International E-Waste Day, also known as E-waste Day, is celebrated every year on 14th October as a timely reminder of the importance of addressing this growing issue. On this day, individuals, businesses, and organizations are encouraged to take action by raising awareness and promoting responsible e-waste recycling and disposal practices. This day is not just a mere commemoration; it’s a call to action for everyone to take steps towards managing e-waste in an environmentally friendly manner.
This year, the theme for the celebration is ‘You can recycle anything with a plug, battery or cable!’ and the highlight is on the issue of invisible e-waste. Invisible e-waste refers to the electronic items that often fall under the recycling radar of those disposing of them because they are not seen as e-waste. What this means is that when they are no longer required or in use, they should be recycled as e-waste. Unfortunately, they get lost or mixed up with other waste types, and hence are not treated as e-waste. Some examples of inviable e-waste include clothes that are powered electronically, e-cigars, headphones, EarPods, remote controls, toys, and so on.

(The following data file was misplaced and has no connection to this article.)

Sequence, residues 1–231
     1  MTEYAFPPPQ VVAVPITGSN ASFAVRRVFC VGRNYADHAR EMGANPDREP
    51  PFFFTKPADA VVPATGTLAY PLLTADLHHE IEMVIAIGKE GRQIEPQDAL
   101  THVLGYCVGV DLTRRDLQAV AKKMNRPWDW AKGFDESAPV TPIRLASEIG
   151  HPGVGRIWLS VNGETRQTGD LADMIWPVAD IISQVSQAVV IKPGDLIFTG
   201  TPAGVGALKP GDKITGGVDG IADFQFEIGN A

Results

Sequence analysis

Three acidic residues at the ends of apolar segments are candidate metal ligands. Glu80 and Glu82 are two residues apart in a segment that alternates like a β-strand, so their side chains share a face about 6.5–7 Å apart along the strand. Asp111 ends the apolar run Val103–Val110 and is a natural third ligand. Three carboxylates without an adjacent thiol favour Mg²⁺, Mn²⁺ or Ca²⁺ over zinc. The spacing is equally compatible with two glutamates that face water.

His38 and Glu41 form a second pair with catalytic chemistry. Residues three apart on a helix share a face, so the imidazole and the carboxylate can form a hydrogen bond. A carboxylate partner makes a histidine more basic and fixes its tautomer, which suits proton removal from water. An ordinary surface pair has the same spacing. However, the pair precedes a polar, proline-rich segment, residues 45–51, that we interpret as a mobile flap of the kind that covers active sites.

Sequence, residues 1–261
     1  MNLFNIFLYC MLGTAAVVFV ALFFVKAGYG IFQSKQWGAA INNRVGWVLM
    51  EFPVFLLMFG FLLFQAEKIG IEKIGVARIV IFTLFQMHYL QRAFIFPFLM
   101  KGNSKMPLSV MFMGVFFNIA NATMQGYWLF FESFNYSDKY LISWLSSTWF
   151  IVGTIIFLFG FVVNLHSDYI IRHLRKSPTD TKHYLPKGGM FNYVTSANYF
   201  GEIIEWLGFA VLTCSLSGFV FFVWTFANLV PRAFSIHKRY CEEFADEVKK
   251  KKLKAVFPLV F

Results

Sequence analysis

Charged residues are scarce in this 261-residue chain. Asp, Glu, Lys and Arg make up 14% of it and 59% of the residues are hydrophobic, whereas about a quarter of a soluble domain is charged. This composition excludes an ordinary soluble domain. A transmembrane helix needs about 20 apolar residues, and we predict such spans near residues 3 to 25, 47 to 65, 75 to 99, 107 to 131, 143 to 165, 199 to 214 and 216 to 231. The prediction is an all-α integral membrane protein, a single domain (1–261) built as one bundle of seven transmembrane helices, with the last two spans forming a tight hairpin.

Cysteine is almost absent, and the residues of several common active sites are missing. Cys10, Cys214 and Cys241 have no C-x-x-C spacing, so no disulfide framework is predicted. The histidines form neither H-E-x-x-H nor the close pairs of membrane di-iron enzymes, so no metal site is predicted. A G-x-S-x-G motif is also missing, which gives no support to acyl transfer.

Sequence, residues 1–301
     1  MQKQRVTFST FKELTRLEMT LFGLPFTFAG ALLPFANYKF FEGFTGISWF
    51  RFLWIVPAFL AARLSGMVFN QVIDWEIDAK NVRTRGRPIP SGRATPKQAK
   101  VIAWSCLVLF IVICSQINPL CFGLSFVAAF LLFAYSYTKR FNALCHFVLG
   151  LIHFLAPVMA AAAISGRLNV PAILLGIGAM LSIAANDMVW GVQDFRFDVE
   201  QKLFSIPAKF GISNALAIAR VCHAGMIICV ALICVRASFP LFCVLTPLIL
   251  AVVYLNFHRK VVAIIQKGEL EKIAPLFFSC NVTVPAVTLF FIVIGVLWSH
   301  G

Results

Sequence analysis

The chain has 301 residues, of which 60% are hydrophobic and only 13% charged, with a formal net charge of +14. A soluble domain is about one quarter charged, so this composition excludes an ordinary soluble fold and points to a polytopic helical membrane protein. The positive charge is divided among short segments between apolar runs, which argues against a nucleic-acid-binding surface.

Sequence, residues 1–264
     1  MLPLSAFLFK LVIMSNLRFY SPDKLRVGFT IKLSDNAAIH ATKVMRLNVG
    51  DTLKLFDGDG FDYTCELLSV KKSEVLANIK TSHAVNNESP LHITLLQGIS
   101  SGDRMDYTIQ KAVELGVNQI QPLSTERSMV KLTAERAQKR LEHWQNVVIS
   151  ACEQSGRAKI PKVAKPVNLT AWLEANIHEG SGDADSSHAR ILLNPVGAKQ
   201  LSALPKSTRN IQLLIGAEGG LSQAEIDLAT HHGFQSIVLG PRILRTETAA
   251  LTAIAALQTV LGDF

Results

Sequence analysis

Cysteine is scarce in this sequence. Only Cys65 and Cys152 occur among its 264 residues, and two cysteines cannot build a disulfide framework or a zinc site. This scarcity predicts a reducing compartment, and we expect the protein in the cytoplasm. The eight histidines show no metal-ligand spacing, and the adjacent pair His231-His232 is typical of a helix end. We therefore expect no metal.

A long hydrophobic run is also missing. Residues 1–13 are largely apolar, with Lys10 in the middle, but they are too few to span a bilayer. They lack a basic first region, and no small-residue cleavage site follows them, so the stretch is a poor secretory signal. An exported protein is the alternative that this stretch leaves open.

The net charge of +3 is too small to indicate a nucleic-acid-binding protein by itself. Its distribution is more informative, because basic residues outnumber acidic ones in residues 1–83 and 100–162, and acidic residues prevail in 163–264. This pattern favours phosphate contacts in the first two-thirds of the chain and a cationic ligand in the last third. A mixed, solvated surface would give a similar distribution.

Some of these gadgets remain in the drawers and cupboards and when this happens, the valuable resources they contain do not re-enter the manufacturing cycle.
In many homes in Ghana and across the world, e-waste is treated as other household waste, the majority of this waste stream ends up in landfills or gets burnt. Those that do not end up this way are either sent for repairs or just left in the home. When e-waste ends up in landfills or is disposed of improperly, it can release harmful toxins into the environment, contaminating soil, water, and air. The Government of Ghana and other stakeholders in the e-waste space are making efforts to educate the Ghanaian population on this new waste type and put in place measures to ensure that it is managed more sustainably. For example, the EPA through the World Bank is establishing Collection Centers, Dismantling Centers, and Holding Centers (CC-DC-HoC) for e-waste in selected regions in the country. These centers will serve as a point for individuals and organizations to submit their e-waste for proper recycling and disposal.